This dedicated masters programme in science and religion is intended for students who wish to engage in the advanced interdisciplinary study of science and religion, including those who wish to prepare for PhD work.
This is one of the world’s very few science and religion programmes.
Much of the recent debate surrounding ‘new atheism’ has taken place within a poorly informed view of the history and philosophy of science and its relationship with religion. This programme aims to inform and engage with the debate in-depth, looking at it from scientific, philosophical, historical, ethical and theological perspectives.
The history of science is studied from ancient times through the modern scientific revolution, together with philosophical trends in our understanding of reality. The main areas of dialogue between science and religion are explored in-depth, including cosmology, evolution, divine action and miracles, consciousness and the human person.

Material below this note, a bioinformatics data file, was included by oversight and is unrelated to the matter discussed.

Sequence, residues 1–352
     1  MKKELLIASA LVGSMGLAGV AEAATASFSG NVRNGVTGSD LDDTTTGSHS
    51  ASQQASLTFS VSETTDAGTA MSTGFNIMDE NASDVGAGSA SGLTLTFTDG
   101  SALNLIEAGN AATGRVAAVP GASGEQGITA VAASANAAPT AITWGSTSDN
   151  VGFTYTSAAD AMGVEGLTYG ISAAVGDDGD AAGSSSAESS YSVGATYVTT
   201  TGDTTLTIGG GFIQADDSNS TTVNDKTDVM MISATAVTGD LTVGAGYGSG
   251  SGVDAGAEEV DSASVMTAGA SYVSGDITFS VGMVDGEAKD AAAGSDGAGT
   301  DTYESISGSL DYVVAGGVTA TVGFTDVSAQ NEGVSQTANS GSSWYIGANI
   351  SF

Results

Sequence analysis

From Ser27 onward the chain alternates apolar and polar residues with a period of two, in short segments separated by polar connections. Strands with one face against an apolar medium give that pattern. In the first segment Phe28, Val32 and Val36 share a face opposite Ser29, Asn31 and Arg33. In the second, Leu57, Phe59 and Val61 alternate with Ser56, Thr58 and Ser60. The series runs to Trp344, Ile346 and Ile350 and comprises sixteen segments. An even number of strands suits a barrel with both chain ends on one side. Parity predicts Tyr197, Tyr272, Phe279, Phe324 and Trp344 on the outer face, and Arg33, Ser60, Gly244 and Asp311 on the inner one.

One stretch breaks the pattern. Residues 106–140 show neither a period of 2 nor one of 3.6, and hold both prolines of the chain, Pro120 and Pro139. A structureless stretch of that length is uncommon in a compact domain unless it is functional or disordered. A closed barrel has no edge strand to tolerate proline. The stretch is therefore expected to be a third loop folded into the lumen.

This programme is run over one year full-time (or two years part-time). You will be taught mainly in small classroom/seminar groups. You will be given training in research methods which offers a practical approach to postgraduate level skills of critical investigation and writing, and receive individual supervision for your 15,000-word dissertation.
Compulsory courses comprise History of Science and Religion in the Christian Tradition; Cosmos, Cell and Creator: Current Debates in Science and Religion; and two courses in research methods.
You will choose three options, which can be taken from courses in science and religion, such as:
- Economy, Ecology, and Ethics
- Key Thinkers in Science and Religion
- Philosophy of Time
- Philosophy of Science: Contemporary Debates
- Science and Religion in Literature
- Science and Scripture
The options on offer change from year to year, so please consult the Programme Director for advice on what will be available. With the agreement of your Programme Director, you may also choose options from other taught masters programmes, language courses, and advanced undergraduate courses.
This programme is designed to provide a strong foundation for postgraduate research in the field or for employment in a range of areas requiring critical analysis and empathetic understanding.
About the School
Theology has been taught in Edinburgh since the foundation of the University in 1583.